“After the Olympic trials (which the Harvard crew won) I drove with Cleve Livingston to see Harry Edwards. We told him we’d won the Olympic trials and we’d been reading about the Olympic Project and we wanted to hear what it was all about. The nucleus of our crew wanted to foster a better understanding of what black athletes were going through.

“He (Edwards) told us we needed to get the message out. At that time there was very real discrimination for black athletes. Harry said he was coming east and would talk to everyone. He came to the (Harvard) boathouse and six of us agreed that we’d issue a statement of support of the ideas of the Olympic Project.”

Hoffman says they then needed to let their coach, Harry Parker know. They drove to Parker’s house and said, “We want to tell you what we’re doing. Six of us are going to sign this statement and invite Harry Edwards to the boathouse to hold a press conference.”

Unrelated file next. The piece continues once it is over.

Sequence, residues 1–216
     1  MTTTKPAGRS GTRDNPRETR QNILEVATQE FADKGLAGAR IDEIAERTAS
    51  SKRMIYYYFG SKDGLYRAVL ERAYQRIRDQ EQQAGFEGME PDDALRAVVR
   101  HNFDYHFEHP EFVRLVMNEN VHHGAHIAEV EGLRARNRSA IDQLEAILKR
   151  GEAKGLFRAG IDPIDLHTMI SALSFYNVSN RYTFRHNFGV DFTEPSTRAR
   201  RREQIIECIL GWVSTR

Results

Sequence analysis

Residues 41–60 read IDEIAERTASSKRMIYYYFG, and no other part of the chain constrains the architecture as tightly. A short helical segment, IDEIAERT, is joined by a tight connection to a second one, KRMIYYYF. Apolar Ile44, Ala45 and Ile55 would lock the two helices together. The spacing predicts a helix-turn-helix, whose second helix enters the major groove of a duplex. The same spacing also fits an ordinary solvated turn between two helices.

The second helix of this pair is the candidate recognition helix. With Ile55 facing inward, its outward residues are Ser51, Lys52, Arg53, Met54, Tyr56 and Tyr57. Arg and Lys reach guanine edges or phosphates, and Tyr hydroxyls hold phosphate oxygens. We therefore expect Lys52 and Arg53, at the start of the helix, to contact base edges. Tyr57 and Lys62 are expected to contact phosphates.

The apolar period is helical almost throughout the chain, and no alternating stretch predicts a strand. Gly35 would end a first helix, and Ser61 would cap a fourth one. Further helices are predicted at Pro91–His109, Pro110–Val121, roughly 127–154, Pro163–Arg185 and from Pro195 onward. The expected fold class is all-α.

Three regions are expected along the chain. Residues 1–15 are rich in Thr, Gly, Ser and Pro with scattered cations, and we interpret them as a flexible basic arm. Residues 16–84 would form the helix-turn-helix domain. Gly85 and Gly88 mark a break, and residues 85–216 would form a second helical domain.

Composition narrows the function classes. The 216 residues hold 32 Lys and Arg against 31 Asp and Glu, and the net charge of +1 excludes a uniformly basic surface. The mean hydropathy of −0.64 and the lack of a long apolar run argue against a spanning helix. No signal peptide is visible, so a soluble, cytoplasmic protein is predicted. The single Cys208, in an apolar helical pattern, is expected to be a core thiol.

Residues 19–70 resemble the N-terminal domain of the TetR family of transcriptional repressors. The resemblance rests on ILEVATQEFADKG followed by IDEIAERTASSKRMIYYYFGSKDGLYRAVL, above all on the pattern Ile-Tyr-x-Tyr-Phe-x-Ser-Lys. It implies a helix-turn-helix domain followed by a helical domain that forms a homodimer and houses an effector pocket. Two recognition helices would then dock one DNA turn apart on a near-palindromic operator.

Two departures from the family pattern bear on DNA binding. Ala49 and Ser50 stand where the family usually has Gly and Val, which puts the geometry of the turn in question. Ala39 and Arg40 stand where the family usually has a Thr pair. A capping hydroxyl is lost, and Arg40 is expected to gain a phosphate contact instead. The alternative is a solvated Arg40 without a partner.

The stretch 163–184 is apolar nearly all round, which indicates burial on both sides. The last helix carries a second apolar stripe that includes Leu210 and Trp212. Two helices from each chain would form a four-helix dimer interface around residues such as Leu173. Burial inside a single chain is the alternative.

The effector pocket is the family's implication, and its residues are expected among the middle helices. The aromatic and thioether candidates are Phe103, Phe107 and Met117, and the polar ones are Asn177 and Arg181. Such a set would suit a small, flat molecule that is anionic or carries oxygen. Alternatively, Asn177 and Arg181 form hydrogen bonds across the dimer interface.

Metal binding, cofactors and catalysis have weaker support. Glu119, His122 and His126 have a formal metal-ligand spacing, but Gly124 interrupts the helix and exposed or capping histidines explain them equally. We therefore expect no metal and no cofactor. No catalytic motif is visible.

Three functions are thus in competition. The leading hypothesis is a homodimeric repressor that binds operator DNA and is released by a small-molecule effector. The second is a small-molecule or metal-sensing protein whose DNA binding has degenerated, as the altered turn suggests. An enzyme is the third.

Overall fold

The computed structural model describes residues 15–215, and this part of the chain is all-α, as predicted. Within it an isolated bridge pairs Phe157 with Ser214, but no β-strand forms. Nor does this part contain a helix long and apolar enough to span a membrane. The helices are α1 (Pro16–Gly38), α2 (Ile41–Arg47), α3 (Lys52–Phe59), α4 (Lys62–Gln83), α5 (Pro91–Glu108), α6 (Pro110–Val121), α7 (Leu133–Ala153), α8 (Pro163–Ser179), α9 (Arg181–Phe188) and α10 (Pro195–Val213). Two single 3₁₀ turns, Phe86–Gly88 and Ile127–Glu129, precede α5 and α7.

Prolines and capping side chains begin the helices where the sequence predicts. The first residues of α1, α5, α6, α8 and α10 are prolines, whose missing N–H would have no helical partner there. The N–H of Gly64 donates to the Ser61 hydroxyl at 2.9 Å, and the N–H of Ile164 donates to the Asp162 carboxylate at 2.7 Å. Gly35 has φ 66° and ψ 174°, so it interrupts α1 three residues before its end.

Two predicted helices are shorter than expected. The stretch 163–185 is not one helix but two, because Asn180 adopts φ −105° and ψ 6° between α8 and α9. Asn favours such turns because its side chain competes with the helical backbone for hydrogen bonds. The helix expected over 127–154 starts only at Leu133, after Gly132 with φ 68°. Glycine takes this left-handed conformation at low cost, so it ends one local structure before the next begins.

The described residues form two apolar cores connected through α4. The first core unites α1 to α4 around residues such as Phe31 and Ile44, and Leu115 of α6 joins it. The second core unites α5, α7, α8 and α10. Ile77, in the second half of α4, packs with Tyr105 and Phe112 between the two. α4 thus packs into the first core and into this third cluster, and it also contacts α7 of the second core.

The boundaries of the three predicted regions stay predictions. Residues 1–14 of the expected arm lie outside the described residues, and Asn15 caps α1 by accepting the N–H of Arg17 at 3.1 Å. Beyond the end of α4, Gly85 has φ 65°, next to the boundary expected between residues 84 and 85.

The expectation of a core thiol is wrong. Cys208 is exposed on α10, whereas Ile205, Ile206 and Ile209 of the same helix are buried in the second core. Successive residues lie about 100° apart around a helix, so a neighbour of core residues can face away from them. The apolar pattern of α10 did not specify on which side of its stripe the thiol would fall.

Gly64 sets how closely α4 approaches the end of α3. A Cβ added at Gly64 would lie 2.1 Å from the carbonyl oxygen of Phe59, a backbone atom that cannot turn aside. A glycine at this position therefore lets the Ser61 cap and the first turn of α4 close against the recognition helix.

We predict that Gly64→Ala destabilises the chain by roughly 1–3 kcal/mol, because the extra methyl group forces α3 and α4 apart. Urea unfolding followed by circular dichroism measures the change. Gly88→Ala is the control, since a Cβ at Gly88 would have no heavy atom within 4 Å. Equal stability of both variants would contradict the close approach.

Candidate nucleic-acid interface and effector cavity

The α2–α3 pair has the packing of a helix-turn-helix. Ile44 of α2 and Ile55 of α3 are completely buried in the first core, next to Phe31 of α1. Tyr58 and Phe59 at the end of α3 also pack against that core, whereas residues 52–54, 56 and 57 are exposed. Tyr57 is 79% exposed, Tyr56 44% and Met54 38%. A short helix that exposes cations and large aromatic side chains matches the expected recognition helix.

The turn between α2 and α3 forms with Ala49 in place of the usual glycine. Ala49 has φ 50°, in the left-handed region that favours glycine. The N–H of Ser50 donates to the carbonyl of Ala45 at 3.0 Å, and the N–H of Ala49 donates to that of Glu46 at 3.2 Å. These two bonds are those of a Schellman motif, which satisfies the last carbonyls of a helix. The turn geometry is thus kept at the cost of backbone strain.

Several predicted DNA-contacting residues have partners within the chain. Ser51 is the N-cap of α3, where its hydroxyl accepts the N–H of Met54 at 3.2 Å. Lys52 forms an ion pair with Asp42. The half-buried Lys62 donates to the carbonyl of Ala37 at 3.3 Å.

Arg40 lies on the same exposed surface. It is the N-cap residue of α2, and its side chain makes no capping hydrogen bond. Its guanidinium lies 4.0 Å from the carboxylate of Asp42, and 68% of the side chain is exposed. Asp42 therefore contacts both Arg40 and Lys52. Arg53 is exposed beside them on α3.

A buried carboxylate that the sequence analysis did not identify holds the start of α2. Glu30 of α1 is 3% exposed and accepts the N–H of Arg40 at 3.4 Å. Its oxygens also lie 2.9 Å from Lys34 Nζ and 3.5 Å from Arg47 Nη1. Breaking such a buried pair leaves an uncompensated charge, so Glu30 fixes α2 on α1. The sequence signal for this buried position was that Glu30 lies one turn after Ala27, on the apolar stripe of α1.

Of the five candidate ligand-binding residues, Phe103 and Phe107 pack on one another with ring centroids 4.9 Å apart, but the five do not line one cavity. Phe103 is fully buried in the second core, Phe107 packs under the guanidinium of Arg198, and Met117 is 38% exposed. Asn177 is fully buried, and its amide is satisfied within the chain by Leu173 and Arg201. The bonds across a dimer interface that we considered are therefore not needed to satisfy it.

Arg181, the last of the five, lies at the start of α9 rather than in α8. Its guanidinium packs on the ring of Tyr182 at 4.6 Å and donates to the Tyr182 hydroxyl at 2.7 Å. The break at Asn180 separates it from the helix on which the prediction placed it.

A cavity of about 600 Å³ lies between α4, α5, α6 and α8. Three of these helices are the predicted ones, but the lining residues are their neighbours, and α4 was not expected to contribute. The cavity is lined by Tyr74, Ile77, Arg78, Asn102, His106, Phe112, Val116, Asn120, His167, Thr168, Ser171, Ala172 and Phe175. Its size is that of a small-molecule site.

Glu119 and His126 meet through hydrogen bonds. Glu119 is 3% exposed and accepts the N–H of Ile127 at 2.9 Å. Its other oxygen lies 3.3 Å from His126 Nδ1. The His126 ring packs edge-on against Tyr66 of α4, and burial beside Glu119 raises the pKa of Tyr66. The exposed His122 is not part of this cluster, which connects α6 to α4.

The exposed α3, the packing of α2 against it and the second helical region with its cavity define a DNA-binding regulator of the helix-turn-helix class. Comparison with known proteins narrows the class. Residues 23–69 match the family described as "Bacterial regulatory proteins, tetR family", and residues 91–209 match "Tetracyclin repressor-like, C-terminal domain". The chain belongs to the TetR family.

Parker replied, “Guys, I hope you know me well enough by now to know I don’t agree with discrimination. My only concern I’d have is the effect on the crew.”

Every time an athlete got selected for the US Olympic team, Hoffman and his crew would write an individual handwritten letter to them. The goal of the letter was to help white athletes get information about the reasons for black athlete demonstration and to get the discussion going between whites and blacks.

No response came back from the letters with many of the athletes forwarding their letter directly to the United States Olympic Committee (USOC).